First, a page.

In the beginning was simplicity.

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The Selfish Gene made me feel funny feelings about being alive. It’s nice to think of yourself as a vehicle for a million-year old replicator gene to drive around in and I find the theory that we’ve arisen from such humble beginnings to such unthinkable complexity to be weirdly self-affirming.

We, alone on earth, can rebel against the tyranny of the selfish replicators..

George Saunders once wrote that stories are black boxes where the reader enters in one state of mind and exits in another, and that rings true to me for The Selfish Gene. I didn’t think I would finish reading it, let alone learn so much out of it and enjoy that feeling that you’ve become a slightly different version of yourself after the fact. It’s very cool.

Let us try to teach generosity and altruism, because we are all born selfish.

This is all because of Richard Dawkins, of course. What a marvellous story-teller – he is wonderfully attuned to the voice and shape of his theories, and those of others which he built his gene-centric theory from. He writes with such cadence and uses accessible metaphors to teach laymen what we need to know, what we want to know and he makes each chapter truly a world in itself. I loved this book and can’t wait to read more non-fiction books that are as good as this.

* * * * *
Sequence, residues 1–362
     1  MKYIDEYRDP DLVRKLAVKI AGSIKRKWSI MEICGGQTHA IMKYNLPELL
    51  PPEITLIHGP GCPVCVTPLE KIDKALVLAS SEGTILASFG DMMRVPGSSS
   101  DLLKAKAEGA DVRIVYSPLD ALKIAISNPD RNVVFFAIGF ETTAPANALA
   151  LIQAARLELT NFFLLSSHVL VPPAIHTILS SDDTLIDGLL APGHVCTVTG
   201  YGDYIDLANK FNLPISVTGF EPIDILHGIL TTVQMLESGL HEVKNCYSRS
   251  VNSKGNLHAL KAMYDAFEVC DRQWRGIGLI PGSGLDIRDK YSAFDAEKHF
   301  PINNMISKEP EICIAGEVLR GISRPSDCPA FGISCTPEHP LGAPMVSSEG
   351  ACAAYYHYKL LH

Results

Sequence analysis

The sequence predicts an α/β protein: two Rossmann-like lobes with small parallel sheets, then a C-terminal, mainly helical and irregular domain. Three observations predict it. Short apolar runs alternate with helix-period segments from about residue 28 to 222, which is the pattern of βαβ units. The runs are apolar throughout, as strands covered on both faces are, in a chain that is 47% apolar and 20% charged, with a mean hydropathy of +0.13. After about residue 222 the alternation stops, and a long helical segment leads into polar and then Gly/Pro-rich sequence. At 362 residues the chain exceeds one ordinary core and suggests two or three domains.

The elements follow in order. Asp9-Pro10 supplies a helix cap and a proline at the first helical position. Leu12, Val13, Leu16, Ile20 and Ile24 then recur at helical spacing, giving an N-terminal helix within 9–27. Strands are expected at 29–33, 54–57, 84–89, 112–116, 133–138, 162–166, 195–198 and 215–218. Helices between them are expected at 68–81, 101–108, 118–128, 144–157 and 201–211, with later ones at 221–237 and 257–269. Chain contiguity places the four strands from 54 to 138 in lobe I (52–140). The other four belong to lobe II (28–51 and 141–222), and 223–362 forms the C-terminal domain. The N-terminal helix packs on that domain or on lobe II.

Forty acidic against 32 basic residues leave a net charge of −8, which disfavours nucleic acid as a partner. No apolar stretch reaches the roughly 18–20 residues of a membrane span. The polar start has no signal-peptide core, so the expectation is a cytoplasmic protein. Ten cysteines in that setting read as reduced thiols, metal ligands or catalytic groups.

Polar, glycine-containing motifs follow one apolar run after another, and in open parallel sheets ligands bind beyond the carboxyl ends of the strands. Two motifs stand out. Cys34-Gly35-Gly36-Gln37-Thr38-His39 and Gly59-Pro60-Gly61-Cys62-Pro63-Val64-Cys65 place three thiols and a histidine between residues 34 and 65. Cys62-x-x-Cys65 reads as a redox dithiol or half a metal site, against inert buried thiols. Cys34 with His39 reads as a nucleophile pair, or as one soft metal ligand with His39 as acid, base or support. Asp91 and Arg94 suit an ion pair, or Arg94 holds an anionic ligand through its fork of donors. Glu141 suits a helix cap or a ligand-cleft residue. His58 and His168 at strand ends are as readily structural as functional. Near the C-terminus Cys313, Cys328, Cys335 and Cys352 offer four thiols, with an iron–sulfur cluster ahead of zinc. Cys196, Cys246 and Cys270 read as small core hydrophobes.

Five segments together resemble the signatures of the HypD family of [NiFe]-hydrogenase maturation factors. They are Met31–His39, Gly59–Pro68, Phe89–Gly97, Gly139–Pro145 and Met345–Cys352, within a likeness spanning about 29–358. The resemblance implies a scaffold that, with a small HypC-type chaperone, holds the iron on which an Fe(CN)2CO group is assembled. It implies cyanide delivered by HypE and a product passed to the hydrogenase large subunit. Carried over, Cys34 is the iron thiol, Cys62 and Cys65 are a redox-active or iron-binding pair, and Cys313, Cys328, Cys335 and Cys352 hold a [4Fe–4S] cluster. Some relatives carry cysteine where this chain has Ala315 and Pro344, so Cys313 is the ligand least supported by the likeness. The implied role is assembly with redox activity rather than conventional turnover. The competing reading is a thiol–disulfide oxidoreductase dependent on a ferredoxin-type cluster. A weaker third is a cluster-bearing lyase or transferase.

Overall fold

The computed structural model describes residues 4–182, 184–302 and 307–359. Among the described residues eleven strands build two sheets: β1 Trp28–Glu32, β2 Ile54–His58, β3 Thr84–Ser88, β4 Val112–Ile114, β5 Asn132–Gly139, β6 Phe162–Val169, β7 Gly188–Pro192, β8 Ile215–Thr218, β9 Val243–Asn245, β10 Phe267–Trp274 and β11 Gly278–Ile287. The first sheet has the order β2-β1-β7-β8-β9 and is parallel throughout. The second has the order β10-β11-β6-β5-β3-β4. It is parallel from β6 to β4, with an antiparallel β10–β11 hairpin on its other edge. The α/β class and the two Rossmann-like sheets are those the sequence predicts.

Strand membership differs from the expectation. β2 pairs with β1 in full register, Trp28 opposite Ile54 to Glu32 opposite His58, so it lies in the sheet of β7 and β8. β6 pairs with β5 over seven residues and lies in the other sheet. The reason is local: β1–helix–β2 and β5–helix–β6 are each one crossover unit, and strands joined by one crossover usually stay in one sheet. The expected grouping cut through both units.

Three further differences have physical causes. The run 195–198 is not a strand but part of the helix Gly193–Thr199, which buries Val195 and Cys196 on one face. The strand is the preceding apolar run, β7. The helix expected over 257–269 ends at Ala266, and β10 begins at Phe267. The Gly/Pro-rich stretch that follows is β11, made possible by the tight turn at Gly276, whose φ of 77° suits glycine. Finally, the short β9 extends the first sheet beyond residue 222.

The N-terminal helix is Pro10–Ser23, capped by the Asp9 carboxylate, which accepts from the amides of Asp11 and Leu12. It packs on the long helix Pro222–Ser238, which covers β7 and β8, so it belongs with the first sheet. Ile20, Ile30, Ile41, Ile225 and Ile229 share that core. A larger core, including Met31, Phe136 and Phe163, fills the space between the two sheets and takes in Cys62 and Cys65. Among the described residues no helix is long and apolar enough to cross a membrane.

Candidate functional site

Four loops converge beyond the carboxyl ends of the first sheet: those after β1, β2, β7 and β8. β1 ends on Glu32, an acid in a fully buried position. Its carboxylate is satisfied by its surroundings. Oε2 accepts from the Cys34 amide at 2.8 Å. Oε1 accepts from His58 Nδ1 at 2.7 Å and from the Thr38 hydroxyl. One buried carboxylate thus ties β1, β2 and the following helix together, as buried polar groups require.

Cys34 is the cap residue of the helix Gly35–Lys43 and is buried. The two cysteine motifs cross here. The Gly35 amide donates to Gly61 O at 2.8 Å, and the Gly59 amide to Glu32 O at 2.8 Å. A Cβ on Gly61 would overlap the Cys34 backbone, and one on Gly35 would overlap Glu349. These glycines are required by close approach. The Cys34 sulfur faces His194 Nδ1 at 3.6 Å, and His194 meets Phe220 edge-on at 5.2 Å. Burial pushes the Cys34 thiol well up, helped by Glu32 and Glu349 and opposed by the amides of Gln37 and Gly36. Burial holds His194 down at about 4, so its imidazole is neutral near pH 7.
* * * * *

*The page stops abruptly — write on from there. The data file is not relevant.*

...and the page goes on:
p.s.

I’ve had this in my Drafts for about two years. I read this book in 2013.

Friday’s 7 Happy Things

When something makes me happy on Tuesday or Wednesday, the over-sharing part of my brain makes a tentative list of things that made me smile during the week, so far. Come Friday though, I get cranky and grumpy and who cares about all the good things that happened when I just want to take a nap, right? I still want to take a nap right now but I can’t and I hate everyone so here’s a list of things that made me smile the last few days, even if I’m not smiling at the moment. Also, I didn’t make it to 10 😦

1. Alessia Cara

Her EP is precious and she sounds like young Justin Bieber but smarter. Here is a gem and I feel it so much because I hate hate hate going out these days.

2. Disclosure’s Caracal

Checked it out for Lorde’s Magnets and stayed for Jaded. I love the direction they’re taking with this new album because I was not a fan of their disco/club groove in Settle (2014). Except for Latch. Everybody liked Latch.